The Hudson Jazz Festival Sweetens Valentine's Day Weekend | Music | Hudson Valley | Hudson Valley; Chronogram
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The Hudson Jazz Festival Sweetens Valentine's Day Weekend 

A Q&A with Pianist Armen Donelian

click to enlarge Slavic Soul Party bring the Balkan funk to Hudson Hall on February 16.
  • Slavic Soul Party bring the Balkan funk to Hudson Hall on February 16.

Looking to jazz up your Valentine's Day with a fun event? This is the third year for the Hudson Jazz Festival, which on February 14, 15, and 16 will take over the city's historic Hudson Hall with the sounds and sights of America's greatest original art form.

Once again organized by local jazz pianist Armen Donelian, the 2020 lineup features singer Aimee Allen (February 14); solo pianists Kevin Hays, Francesca Tanksley, and Cidnho Teixeira plus the Billy Harper Quintet (February 15); and the excellent Lee Morgan documentary TeixeiraI Called Him Morgan followed by Slavic Soul Party (February 16). Bringing further flavor will be food and beverages from James Beard Award-winning chef Zak Pelaccio's neighboring eateries, Fish & Game and Backbar. Armen Donelian answered the questions below via email. See website for show times and ticket prices.

—Peter Aaron

Congratulations on your third year of the festival. What was it that made you want to start a jazz festival in the first place?

Jazz is "America's National Treasure," as declared by Congress. When I relocated from New York City to Hudson in 2005, I found this area underserved for jazz. I started the summer Hudson Jazz Workshop in 2007, with our student/faculty concerts staged at the Hudson Opera House since 2009. When Tambra Dillon became its executive director in 2018, she asked me to curate a new jazz festival at the newly renovated Hudson Hall. Her invitation thrilled and humbled me. That's how the Hudson Jazz Festival began.

What makes Hudson Hall such a good venue for a music festival?

Hudson Hall is at the center of Hudson's renaissance, literally and figuratively. As the capital of Columbia County and strategically located in the Northeast, the city of Hudson is diverse and growing. It boasts Amtrak access and proximity to major highways, and it's bursting with creativity and new ideas. Located in the middle of downtown, the hall itself has all the physical attributes of a world-class performance space—great natural acoustics, state-of-the-art audio and video technology, impeccable beauty, generous capacity, and a hardworking and qualified support staff. You'd have to travel far and wide to find an historic regional venue of comparable stature. Hudson Hall is Hudson's jewel of a hall.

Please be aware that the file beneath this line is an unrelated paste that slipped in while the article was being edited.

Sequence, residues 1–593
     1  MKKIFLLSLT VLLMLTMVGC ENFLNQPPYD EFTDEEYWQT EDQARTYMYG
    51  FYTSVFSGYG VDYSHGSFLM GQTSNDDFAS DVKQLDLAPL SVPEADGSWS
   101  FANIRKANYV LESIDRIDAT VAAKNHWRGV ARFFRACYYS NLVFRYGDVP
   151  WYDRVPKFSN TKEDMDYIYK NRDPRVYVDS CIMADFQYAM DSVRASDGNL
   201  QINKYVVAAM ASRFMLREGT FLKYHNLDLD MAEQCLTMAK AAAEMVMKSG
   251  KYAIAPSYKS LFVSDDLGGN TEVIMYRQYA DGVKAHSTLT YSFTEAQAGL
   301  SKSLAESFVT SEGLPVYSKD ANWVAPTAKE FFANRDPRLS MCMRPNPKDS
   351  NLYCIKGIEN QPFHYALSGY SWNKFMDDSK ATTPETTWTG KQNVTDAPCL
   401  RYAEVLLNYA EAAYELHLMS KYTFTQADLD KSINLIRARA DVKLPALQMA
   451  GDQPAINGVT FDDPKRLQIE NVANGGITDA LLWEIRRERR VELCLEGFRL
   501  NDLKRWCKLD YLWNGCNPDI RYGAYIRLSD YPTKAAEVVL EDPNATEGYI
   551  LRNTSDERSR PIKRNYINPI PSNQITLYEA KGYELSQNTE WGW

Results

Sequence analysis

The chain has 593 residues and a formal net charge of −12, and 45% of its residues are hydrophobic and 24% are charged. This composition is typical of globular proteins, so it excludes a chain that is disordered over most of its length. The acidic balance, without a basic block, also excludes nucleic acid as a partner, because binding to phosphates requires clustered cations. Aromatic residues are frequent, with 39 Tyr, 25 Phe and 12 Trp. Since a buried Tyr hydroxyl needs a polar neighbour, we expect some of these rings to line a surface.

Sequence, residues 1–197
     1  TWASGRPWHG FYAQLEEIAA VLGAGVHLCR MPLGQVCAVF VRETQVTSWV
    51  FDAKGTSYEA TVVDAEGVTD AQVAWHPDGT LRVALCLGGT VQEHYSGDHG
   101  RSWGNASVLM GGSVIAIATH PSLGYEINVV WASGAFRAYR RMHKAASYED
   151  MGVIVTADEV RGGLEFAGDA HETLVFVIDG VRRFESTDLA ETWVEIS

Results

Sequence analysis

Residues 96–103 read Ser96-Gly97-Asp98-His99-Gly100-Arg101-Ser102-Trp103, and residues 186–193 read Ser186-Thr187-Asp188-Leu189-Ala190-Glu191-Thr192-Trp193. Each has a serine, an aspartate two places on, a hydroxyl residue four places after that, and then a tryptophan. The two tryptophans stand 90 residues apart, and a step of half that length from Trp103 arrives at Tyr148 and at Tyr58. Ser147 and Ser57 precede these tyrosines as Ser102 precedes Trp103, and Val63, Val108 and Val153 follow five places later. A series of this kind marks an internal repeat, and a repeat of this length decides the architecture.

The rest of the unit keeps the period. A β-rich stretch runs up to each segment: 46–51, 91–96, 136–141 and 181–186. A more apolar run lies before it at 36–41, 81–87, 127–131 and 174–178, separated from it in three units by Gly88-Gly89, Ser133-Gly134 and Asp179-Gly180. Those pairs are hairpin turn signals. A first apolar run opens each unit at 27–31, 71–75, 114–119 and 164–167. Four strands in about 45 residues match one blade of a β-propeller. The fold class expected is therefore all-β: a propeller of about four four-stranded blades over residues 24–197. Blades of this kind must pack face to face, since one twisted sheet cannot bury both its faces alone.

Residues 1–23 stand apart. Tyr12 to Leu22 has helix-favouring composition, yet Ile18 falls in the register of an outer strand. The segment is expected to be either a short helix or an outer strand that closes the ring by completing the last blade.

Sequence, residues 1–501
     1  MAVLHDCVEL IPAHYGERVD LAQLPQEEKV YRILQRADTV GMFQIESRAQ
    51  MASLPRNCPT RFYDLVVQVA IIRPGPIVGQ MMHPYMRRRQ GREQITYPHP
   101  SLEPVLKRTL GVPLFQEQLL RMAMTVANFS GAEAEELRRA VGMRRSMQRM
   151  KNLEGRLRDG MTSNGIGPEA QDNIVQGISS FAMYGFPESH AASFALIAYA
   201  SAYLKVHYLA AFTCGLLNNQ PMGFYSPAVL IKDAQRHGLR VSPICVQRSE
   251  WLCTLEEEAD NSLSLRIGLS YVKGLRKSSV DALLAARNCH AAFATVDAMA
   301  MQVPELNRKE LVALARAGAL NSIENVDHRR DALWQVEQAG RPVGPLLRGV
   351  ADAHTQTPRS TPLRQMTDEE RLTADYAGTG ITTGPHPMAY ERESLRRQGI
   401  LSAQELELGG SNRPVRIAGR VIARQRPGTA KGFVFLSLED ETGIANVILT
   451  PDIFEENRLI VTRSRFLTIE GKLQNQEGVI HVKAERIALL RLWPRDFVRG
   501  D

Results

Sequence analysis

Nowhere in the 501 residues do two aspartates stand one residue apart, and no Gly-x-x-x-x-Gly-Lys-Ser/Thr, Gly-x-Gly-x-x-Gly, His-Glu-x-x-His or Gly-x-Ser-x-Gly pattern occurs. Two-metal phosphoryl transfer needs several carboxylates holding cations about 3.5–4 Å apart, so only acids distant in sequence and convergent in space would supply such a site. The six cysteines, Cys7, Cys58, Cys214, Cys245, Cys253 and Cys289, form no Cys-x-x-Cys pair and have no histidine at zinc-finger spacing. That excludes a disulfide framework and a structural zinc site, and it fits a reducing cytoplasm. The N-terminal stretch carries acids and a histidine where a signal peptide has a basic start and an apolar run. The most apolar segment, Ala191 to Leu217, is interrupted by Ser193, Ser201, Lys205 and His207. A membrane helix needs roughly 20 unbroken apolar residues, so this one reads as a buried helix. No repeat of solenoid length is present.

As a musician yourself, you've performed at jazz festivals around the world. What are some things about the festival that set this one apart from others?

From a musician's perspective, one seeks total artistic freedom, professional logistical support, and adequate financial compensation. The Hudson Jazz Festival, in addition to supporting exceptional international artists in these ways, strives to curate a program of the highest quality and most diverse stylistic range, while creating an open and welcoming feeling conducive to performers and audiences alike. The festival simultaneously projects an aura of intimacy, respect, and expansiveness, where one meets cultured people from around the globe while enjoying the finest jazz and leisurely sampling tasty refreshments from local restaurateurs offered during the concerts.

How has the festival changed since it began, and how do you expect it to change as it grows in future years? Are there any elements you hope to introduce at subsequent festivals?

As the festival's artistic curator, I've tried to cover many musical bases from the start, which is not an easy task given the complexity and depth of jazz music itself as well as the challenge of organizing and staging several musical events within a short weekend's time. Having performed since 1975 as a sideman and bandleader in just about every jazz genre—including country, R&B, blues, swing, stride, bebop, post-bop, Afro-Cuban, Brazilian, and modern—and having taught jazz in several New York-area institutions of higher learning for 35 years, I wanted to assemble the best of what I knew and loved into a concentrated series of events that would both entertain local jazz fans as well as educate new ones. I included a film and a youth workshop. I drew upon my acquaintances with well-known artists both as prospective performers and as advocates. I expect to follow this approach as the festival grows beyond its infancy.

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